The Emerging Roles of Extracellular Chaperones in Complement Regulation
The immune system is essential to protect organisms from internal and external threats. The rapidly acting, non-specific innate immune system includes complement, which initiates an inflammatory cascade and can form pores in the membranes of target cells to induce cell lysis. Regulation of protein homeostasis (proteostasis) is essential for normal cellular and organismal function, and has been implicated in processes controlling immunity and infection. Chaperones are key players in maintaining proteostasis in both the intra- and extracellular environments. Whilst intracellular proteostasis is well-characterised, the role of constitutively secreted extracellular chaperones (ECs) is less well understood. ECs may interact with invading pathogens, and elements of the subsequent immune response, including the complement pathway. Both ECs and complement can influence the progression of neurodegenerative diseases, including Alzheimer’s disease, Parkinson’s disease, Huntington’s disease and amyotrophic lateral sclerosis, as well as other diseases including kidney diseases and diabetes. This review will examine known and recently discovered ECs, and their roles in immunity, with a specific focus on the complement pathway.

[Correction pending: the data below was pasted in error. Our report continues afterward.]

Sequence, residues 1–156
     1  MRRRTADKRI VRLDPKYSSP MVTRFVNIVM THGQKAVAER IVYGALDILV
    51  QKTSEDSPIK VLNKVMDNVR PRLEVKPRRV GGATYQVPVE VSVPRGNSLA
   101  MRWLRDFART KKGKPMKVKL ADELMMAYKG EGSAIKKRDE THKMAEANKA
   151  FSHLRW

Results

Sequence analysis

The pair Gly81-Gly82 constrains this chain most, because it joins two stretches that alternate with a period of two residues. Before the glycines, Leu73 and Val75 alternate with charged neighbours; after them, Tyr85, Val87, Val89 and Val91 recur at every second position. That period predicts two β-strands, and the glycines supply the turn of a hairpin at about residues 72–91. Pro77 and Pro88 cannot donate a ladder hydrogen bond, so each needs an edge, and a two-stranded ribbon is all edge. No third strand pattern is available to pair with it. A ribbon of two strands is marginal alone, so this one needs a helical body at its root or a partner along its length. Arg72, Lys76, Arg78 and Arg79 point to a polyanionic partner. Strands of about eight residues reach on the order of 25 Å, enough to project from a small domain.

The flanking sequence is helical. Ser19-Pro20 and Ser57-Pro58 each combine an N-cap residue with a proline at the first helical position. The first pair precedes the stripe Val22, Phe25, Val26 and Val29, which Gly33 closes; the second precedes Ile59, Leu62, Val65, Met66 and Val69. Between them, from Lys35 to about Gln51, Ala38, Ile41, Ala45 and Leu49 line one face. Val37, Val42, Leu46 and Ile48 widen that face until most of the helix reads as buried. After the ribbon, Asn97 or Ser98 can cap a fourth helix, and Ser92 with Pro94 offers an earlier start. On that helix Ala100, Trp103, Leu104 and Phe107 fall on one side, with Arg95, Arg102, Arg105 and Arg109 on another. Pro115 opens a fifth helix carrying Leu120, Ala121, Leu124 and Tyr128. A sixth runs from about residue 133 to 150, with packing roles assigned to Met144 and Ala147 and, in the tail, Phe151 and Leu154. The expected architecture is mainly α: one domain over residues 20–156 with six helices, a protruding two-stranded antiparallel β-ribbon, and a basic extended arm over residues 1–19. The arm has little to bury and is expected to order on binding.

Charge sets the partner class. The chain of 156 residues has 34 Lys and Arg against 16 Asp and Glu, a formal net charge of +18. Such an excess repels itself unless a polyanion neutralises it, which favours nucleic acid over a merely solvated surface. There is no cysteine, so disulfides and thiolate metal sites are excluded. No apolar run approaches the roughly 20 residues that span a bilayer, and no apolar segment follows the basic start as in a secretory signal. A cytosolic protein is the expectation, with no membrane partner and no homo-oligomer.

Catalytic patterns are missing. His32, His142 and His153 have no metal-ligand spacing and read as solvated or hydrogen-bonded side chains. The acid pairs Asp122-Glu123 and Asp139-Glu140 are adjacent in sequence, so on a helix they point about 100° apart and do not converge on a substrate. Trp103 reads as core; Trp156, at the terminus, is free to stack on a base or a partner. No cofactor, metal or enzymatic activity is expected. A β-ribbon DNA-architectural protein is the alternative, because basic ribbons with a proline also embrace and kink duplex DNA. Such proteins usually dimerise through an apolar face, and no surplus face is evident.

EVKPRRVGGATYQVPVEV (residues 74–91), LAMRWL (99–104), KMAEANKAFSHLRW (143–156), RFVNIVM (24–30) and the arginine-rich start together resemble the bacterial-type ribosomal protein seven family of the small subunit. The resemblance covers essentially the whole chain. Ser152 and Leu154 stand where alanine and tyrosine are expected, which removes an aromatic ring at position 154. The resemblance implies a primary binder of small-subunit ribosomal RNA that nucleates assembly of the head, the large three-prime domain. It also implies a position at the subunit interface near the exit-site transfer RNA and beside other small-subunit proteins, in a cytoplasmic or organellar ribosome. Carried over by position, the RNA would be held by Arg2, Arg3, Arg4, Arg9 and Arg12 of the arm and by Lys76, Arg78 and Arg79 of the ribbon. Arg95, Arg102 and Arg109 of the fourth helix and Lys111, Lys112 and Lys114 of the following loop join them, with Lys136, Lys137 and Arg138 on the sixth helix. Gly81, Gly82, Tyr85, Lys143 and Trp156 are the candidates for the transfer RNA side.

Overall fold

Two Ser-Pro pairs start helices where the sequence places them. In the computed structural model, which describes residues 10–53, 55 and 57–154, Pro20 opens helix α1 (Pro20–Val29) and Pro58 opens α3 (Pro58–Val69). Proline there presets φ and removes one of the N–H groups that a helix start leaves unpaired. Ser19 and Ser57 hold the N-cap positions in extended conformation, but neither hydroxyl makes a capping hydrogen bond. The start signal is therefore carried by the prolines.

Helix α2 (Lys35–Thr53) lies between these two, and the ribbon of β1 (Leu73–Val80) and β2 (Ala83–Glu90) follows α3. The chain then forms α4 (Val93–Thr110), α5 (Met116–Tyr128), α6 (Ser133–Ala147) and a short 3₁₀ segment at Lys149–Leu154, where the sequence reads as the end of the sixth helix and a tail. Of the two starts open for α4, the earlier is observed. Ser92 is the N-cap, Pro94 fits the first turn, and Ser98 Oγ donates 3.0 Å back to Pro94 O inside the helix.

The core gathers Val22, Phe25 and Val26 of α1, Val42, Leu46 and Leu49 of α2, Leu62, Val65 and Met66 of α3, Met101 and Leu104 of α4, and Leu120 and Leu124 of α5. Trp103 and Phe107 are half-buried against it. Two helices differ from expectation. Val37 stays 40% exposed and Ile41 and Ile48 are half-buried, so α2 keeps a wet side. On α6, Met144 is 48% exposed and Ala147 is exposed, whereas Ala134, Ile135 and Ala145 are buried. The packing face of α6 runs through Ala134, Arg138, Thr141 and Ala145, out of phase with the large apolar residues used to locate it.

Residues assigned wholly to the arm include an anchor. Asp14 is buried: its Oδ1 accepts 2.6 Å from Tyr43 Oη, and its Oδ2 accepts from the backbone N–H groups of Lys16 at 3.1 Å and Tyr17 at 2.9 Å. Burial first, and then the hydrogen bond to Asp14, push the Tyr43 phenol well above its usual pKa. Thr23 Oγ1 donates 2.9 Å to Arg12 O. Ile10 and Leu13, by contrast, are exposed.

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National Key Research and Development Program of China